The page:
Hydraulic Skateboard Press



How to Make a Bottle Jack Skateboard Press
Print How to make a bottle jack press
Approximate Cost: $250
Easy | | | | | Difficult
Materials needed
♠   1 - 5 ton bottle jack
♠   1 - C4×5.4×21' channel
♠   1 - 2×2×1/4"×13' angle iron
♠   1 - 2×2×1/4"×2' Sq. Tube
♠   1 - 1/4" steel plate
♠   8 - 1/2" x 6" bolts
♠   4 - 1/2" x 2" bolts
♠   12 - 1/2" nuts
♠   20 - 1/2" washers
♠   4 - 1/2" beveled washers
♠   2 - Industrial springs
Tools needed
♠   Various wrenches
♠   Socket set
♠   Miter saw
♠   Steel cutting blades
♠   Drill press
♠   9/16" drill bit
♠   Welder
♠   Tape measure & pencil

How to build a press

Building a bottle jack press will allow you to apply tons of pressure (literally) to a skateboard mold. Which you will need to press the maple veneer in the concrete skateboard mold.

This DIY Press is not very hard to build but will require a welder and the ability to cut and drill some pretty substantial steel.

That said, this is one of those rare occasions where it may be cheaper to purchase a pre-made press from an industrial supply store such as Harbor Freight and alter to fit a skateboard mold.

For those who still want to build one themselves, keep reading.



Prepare the press

Gather all your tools and materials. Bottle jacks can be found at hardware stores, industrial stores and online. You will need one that can provide a minimum of 5 tons of pressure.

For the steel, look up "steel yards" or "structural steel" in the phone book. Or, if you can locate a steel scrap yard, they are great for stuff like this and considerably cheaper.

There are many ways to build a bottle jack press, if you feel like using a different type of steel, bottle jack, etc... be my guest.



Cutting the material

Starting with the C4×5.4 channel. Cut four pieces at 3'-2. Two pieces at 2'-11 and one last piece at 2'-6 in length. Now the 2×2×1/4" angle iron. Cut two pieces at 3'-2. Two pieces at 2'-0, four at 4 1/4" and finally two at 4" as shown below.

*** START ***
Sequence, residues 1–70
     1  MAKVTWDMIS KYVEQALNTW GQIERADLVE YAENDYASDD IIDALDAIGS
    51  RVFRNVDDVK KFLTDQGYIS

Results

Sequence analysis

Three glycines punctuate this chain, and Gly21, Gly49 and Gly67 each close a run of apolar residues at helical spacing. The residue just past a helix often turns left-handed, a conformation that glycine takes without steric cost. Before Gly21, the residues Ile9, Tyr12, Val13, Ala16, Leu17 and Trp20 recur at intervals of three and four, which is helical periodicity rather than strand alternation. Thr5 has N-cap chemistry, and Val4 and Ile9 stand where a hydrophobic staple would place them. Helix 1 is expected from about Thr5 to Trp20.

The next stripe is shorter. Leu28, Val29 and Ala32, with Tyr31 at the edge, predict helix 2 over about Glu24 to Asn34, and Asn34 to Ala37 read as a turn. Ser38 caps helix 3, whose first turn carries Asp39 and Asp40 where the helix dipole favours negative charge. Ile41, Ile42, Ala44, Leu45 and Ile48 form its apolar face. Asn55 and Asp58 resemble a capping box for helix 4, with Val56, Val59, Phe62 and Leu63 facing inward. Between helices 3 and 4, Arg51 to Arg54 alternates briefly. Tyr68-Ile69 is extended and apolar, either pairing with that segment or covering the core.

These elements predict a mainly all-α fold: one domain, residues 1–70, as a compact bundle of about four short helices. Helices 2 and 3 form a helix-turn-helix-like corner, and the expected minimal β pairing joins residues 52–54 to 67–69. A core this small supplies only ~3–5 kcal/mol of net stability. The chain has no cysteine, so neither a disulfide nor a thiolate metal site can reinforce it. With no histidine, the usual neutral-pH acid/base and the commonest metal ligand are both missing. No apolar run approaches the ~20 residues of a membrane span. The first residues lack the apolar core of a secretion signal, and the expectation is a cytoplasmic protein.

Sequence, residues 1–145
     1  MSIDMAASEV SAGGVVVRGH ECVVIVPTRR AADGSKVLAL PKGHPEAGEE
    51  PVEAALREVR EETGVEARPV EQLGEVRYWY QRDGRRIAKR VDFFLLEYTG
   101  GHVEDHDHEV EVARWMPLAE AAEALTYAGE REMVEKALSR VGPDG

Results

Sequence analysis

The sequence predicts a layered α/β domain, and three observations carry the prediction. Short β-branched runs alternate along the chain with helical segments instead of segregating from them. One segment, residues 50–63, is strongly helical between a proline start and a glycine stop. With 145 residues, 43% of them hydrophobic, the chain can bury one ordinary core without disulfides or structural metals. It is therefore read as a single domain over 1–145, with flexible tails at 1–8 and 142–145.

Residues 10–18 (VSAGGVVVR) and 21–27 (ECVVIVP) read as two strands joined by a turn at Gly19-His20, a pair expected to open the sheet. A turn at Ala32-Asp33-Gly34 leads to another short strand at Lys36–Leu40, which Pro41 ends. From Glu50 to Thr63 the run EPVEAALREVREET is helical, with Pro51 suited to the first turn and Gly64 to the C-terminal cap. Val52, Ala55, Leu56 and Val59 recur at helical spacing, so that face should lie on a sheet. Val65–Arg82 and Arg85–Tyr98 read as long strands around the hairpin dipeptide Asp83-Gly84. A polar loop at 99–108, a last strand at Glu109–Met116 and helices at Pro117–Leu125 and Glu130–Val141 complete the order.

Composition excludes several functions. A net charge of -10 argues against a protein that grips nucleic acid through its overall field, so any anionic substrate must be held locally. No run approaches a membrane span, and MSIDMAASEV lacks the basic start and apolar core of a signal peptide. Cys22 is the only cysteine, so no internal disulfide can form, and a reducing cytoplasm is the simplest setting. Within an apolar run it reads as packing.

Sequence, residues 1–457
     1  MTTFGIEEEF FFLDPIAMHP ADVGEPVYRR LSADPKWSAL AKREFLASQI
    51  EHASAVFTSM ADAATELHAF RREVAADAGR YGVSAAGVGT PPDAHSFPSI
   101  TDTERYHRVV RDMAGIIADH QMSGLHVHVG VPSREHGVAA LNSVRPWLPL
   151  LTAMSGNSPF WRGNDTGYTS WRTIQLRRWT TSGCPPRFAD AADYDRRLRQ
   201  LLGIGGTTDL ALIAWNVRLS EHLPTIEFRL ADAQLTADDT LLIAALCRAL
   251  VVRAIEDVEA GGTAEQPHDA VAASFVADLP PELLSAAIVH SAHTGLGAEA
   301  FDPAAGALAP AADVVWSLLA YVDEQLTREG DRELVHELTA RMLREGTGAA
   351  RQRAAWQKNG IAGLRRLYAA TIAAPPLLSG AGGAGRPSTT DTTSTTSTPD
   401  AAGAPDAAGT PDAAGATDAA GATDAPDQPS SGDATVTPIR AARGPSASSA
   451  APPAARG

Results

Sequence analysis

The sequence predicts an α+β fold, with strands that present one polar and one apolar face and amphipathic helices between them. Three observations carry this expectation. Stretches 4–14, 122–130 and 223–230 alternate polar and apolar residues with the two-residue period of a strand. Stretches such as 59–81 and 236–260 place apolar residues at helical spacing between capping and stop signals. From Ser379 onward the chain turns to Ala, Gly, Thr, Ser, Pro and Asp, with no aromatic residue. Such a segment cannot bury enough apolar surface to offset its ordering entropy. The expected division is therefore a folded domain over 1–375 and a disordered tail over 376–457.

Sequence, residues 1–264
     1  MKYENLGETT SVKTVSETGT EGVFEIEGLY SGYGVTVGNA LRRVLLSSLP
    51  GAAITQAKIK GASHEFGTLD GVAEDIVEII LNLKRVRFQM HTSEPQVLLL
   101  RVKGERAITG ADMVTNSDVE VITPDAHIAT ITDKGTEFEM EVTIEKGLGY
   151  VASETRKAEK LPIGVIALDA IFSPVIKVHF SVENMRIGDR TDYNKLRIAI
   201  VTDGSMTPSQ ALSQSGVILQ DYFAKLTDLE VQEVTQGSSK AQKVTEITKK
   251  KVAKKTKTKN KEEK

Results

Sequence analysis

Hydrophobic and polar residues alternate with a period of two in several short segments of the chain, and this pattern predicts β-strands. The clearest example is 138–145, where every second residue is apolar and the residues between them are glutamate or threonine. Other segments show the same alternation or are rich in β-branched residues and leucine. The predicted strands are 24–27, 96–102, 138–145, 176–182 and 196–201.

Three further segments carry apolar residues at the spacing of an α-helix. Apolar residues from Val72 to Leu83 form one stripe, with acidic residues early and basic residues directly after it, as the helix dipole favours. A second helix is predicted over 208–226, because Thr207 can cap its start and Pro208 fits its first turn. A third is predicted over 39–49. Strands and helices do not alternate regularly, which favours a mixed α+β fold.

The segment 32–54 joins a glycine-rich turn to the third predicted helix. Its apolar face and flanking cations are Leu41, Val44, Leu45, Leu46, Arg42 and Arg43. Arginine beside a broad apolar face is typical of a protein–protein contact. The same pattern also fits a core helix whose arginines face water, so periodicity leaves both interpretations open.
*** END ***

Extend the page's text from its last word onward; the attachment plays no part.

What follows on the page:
Cut Illustration - Skateboard Bottle Jack Press

On to the 2×2×1/4" square tube. Cut two pieces at 4 1/4" and two at 4" in length. Now the 1/4" steel plate. Cut two pieces at 2'-10 × 9 1/2", one at 7 3/16" × 4" and finally one at 5 1/8" × 4 3/4". Last, cut two pieces of 3/4" thick plywood at 2'-10 × 9 1/2" as shown below.

Cut Illustration - Skateboard Bottle Jack Press

The dimensions provided are only suggestions as most bottle jacks vary in size. Once you've obtained your bottle jack you can make the appropriate changes.




Drilling the steel

Using a 9/16" drill bit, drill ten holes per each 2'-11 channel in the designated location, as shown below. These are the side supports for the press and there are two.

Holes Drilling Diagram - Skateboard Bottle Jack Press

Now, using a 9/16" drill bit, drill six holes per each 3'-2 channel in the designated location, as shown below. These are the bottom supports for the press and there are two.

Holes Drilling Diagram - Skateboard Bottle Jack Press

Last, using a 9/16" drill bit, drill two holes per each 2'-0 angle iron in the designated location, as shown below. These are the base supports for the press and there are two.

Holes Drilling Diagram - Skateboard Bottle Jack Press

When drilling the holes listed in this set of plans, you should use a drill press.


Assembling the base

With the base cut and drilled, take the angle iron and attach them to the side supports with the 2" bolts, nuts and washers.

Base Assembly - Skateboard Bottle Jack Press